Starting with the 2010 tax year, the excess farm loss rules pose yet another possible limitation on the amount of loss a farmer can deduct. Farms affected by the excessive farm losses rule are those farms that are not C corporations that have received "applicable subsidies." An applicable subsidy is a direct or counter-cyclical payment received under the 2008 Farm Bill5or a payment that the farmer elected to receive instead of this type of payment. Any Commodity Credit Corporation loan is also considered an applicable subsidy. The disallowed excess farm loss is the amount of the year's farm loss in excess of the greater of:

  • $300,000 (or $150,000 in the case of a farmer with Married Filing Separately status)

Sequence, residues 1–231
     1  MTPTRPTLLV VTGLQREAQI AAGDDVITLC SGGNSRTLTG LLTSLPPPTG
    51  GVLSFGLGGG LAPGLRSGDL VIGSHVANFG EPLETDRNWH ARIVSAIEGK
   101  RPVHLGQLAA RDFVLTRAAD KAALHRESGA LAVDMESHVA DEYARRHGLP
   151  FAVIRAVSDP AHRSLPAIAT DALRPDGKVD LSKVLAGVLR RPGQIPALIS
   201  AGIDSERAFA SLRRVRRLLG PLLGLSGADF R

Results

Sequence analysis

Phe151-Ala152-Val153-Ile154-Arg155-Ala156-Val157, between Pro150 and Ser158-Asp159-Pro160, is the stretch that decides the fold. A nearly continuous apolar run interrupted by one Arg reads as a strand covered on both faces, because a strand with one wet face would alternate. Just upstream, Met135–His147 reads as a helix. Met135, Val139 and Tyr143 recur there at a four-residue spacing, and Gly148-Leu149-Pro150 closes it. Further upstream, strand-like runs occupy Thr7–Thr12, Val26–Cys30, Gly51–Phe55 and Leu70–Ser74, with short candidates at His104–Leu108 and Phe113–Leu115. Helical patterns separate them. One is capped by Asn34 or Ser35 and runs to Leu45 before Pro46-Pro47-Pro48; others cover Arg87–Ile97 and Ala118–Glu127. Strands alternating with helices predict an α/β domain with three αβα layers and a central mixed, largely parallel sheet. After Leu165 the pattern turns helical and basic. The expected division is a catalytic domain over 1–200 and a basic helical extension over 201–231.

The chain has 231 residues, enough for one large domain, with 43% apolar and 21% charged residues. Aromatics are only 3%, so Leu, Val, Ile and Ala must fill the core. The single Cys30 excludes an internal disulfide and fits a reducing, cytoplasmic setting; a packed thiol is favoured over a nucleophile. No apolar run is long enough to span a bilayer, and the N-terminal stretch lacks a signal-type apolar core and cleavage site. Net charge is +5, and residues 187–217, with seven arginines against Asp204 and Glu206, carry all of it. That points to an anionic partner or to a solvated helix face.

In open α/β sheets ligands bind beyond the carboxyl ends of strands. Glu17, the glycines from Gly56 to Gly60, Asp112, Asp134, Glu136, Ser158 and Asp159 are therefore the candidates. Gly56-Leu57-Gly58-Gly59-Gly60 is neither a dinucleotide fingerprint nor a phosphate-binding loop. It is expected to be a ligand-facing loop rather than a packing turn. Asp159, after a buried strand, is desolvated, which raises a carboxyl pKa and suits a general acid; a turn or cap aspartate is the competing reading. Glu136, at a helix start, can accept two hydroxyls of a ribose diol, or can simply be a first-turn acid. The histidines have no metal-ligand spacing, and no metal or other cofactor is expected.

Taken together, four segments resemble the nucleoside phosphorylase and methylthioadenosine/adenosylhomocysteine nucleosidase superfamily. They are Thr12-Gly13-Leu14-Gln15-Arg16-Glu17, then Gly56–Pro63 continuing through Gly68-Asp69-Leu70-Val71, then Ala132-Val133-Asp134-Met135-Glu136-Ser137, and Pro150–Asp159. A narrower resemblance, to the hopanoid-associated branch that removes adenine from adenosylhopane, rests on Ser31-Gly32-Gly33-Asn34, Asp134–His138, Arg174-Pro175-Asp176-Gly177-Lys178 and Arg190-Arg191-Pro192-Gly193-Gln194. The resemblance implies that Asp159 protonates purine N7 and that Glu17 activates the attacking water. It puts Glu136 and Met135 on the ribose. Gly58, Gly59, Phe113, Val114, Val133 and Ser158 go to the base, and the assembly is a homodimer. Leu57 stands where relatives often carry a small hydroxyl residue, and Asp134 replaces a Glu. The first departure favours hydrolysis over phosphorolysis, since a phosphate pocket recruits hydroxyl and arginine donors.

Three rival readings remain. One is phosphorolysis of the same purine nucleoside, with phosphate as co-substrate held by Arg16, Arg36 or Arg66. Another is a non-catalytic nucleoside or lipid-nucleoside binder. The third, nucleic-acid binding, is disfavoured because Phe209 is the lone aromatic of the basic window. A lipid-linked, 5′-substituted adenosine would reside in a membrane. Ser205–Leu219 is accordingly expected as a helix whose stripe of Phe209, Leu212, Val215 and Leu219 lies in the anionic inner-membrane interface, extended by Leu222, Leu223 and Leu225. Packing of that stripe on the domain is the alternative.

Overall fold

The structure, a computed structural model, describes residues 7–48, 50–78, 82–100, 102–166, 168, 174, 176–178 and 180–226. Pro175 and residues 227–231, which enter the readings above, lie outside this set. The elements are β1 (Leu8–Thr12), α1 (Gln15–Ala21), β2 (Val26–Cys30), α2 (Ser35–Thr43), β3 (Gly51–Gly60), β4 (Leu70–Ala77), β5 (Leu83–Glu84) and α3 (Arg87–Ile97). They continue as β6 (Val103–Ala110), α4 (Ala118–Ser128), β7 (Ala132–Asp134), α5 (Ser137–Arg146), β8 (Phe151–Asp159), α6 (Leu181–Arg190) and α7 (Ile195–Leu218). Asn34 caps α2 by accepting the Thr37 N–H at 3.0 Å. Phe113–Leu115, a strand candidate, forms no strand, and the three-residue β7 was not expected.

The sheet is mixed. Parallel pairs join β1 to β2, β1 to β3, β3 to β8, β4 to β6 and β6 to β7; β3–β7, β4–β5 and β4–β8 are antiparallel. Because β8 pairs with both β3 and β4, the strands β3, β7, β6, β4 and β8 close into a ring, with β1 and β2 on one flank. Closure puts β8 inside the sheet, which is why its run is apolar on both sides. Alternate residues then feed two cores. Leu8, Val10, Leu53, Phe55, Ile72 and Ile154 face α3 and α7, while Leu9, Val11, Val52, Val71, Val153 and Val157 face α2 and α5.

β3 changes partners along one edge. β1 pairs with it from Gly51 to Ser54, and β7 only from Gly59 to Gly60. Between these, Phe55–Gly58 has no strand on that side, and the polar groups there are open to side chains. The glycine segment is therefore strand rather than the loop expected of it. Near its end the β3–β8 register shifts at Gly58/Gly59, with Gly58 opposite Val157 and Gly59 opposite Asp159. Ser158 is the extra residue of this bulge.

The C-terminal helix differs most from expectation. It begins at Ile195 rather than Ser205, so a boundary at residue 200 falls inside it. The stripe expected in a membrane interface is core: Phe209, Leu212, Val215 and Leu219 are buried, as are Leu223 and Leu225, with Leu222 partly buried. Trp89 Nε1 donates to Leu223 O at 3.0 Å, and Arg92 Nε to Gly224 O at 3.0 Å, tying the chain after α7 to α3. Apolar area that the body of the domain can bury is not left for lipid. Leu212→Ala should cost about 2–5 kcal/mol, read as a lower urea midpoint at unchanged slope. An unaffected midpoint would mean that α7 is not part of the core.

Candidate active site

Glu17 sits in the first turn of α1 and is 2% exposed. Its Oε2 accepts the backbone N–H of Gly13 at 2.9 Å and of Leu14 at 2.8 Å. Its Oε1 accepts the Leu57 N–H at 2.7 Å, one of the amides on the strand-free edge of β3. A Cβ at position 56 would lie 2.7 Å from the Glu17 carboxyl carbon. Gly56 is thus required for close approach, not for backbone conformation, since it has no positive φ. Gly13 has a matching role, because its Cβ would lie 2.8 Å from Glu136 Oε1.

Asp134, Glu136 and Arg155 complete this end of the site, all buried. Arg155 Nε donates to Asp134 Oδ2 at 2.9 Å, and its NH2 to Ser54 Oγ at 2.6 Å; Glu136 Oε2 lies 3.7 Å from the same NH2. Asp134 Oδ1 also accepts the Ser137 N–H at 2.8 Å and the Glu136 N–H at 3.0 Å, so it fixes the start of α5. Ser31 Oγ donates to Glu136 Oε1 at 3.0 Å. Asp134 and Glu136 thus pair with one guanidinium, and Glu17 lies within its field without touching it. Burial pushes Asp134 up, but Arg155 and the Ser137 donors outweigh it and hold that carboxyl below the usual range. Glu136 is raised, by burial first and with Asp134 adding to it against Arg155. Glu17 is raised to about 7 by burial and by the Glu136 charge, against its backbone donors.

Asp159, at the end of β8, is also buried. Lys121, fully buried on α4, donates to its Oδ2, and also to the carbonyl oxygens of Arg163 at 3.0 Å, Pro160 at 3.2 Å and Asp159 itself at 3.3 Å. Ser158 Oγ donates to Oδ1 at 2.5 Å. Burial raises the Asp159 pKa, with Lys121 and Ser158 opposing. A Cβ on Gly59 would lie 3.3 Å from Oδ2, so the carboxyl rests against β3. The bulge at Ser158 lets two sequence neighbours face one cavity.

• Aggregate net farm income over the previous 5 year period


Example 3

Use the same facts as Example 1. During 2012, Fred received direct subsidy payments in connection with his farm. While the at-risk rules indicate that Fred can deduct the entire loss of $360,000 for 2012, he must also determine if the excess farm loss rules apply. Over the previous five years (2007 through 2011 inclusively), Fred had the following amounts of net farm income.

The excess farm loss rules place a limit on the amount of loss Fred can deduct for 2012. This limit is the greater of $300,000 or the total amount of net farming income Fred had for the previous five years (which is $325,000). Accordingly, Fred can deduct $325,000 of his $360,000 farm loss for 2012. The remaining nondeductible loss of $35,000 ($360,000-$325,000) is a suspended loss and carries forward to 2013. It will continue to carry forward from year to year until used.